Contributor Malcolm Gladwell (page 75) captures my attitude towards books:

I’ve probably acquired 150 books just for this project. I haven’t read all of them, and I won’t. Some of them I’ll just look at. But that’s the fun part. It’s an excuse to go on Amazon. The problem is, of course, that eventually you have to stop yourself. Otherwise you’ll collect books forever. But these books are markers for ideas that I’m interested in. That’s why it’s so important to have physical books. When I see my bookshelf expanding, it gives me the illusion that my brain is expanding, too.

Like all good books, “My Ideal Bookshelf” also stimulates the reader to go further. I first jumped to my favourite authors and personalities to see what they placed on their bookshelves: film director Judd Apatow (Bellow’s “Seize The Day”, Wolff’s “This Boy’s Life”), writer Michael Chabon (“Dune” by Frank Herbert, “Gravity’s Rainbow”, along with works by Chandler, Cormac McCarthy, David Mitchell, Barthelme, Cheever, Joyce and Melville), Jennifer Egan (Doris Lessing’s “Golden Notebook” and works by Jane Austin, George Eliot, Emile Zola and Edith Wharton), James Franco (Shakespeare, Fitzgerald, Williams, Albee, Melville, Faulkner, Nabakov, Kerouac, Steinbeck and Joyce), Malcolm Gladwell (a set of crime books, his current obsession), Lev Grossman (T.H. White, C.S. Lewis), Lawrence Lessig, Jonathan Lethem (Thurber, Calvino and Leonard Cohen), thriller writer James Patterson (a truly eclectic list), African-American author Ishmael Reed (who I once studied with), humourist David Sedaris (three by Tobias Wolff and two by Richard Yates) and Ayelet Waldman.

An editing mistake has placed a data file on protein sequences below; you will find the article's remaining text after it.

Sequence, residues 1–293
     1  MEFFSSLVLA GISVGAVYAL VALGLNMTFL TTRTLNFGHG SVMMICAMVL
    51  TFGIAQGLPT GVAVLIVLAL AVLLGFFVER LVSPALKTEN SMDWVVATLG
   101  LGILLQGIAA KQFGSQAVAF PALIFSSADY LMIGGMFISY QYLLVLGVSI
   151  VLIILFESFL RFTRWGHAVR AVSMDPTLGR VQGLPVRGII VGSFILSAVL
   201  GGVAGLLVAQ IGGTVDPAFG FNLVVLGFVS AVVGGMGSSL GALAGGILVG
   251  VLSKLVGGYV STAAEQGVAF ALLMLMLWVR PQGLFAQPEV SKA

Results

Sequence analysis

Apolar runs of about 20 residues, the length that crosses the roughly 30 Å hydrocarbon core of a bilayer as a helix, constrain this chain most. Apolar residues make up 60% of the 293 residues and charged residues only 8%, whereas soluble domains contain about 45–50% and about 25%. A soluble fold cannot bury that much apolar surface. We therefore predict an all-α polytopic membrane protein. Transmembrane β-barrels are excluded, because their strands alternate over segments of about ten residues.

What a great set of insights as to what has shaped their thinking. What’s next for me? Tracking down many of their favourite books, of course.

“My Ideal Bookshelf” was published by Little Brown in November 2012, and is still in print. Artist Jane Mount also accepts commissions to paint your own “ideal bookshelf”, and sells a range of prints. Their website also lists all contributors and their books, with links to the Amazon pages: a lifetime of reading recommendations at your fingertips.

My Ideal Bookshelf cover high resBack in September 2014, I made a list of ten books that “impacted me”.  Perhaps not quite my “ideal bookshelf”, but a good start.  You can read the list here.


Summer reading for the Australian Prime Minister

December 30, 2014